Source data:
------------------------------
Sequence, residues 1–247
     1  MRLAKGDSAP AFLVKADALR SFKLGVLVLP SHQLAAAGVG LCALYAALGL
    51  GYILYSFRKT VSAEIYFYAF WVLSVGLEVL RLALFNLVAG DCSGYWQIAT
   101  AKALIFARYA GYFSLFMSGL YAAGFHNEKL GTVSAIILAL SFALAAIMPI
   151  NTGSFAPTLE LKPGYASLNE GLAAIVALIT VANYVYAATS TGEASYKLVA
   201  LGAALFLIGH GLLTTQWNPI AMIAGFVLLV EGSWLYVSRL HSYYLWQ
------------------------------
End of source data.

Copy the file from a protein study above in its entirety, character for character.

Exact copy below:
Sequence, residues 1–247
     1  MRLAKGDSAP AFLVKADALR SFKLGVLVLP SHQLAAAGVG LCALYAALGL
    51  GYILYSFRKT VSAEIYFYAF WVLSVGLEVL RLALFNLVAG DCSGYWQIAT
   101  AKALIFARYA GYFSLFMSGL YAAGFHNEKL GTVSAIILAL SFALAAIMPI
   151  NTGSFAPTLE LKPGYASLNE GLAAIVALIT VANYVYAATS TGEASYKLVA
   201  LGAALFLIGH GLLTTQWNPI AMIAGFVLLV EGSWLYVSRL HSYYLWQ